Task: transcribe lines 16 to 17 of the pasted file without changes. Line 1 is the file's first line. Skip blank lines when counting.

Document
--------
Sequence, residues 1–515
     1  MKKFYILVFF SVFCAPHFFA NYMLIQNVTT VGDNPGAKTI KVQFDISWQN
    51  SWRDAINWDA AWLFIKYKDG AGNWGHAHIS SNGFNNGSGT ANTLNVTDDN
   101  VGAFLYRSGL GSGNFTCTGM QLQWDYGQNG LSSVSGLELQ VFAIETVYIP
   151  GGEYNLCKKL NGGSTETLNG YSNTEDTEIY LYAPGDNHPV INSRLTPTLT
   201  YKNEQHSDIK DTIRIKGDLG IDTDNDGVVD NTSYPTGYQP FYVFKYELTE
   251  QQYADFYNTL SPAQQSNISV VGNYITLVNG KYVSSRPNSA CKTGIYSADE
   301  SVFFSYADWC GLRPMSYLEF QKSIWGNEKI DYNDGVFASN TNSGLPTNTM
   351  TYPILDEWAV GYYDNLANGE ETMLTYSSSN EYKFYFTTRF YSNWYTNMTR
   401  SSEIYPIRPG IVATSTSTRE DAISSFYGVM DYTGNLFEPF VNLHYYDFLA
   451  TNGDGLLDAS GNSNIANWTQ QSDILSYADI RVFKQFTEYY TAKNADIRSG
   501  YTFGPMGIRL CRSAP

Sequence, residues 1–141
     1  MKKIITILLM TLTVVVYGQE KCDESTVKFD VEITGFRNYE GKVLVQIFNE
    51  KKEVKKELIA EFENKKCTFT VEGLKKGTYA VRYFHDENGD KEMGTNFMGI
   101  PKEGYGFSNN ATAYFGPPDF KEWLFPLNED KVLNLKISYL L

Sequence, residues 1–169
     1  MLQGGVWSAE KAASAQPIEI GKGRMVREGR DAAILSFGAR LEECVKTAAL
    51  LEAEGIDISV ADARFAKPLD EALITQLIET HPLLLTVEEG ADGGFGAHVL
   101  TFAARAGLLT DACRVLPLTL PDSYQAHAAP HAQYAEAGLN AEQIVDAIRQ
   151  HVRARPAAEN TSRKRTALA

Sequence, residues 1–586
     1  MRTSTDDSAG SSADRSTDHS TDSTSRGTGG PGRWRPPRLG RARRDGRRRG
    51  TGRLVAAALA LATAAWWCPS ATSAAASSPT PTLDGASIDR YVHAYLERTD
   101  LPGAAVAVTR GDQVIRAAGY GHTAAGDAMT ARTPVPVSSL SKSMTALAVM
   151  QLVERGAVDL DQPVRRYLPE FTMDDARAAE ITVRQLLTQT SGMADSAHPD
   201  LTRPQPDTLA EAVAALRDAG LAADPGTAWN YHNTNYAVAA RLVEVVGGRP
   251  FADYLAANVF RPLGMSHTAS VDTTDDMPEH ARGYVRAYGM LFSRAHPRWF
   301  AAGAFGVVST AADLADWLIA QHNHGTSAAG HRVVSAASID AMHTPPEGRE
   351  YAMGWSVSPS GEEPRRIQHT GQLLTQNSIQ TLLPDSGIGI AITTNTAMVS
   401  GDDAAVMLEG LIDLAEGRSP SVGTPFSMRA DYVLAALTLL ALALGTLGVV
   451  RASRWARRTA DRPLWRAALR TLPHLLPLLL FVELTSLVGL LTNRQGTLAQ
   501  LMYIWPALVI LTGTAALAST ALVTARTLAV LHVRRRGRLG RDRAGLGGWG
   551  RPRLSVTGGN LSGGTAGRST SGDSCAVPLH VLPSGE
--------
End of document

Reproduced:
   101  PKEGYGFSNN ATAYFGPPDF KEWLFPLNED KVLNLKISYL L

Sequence, residues 1–169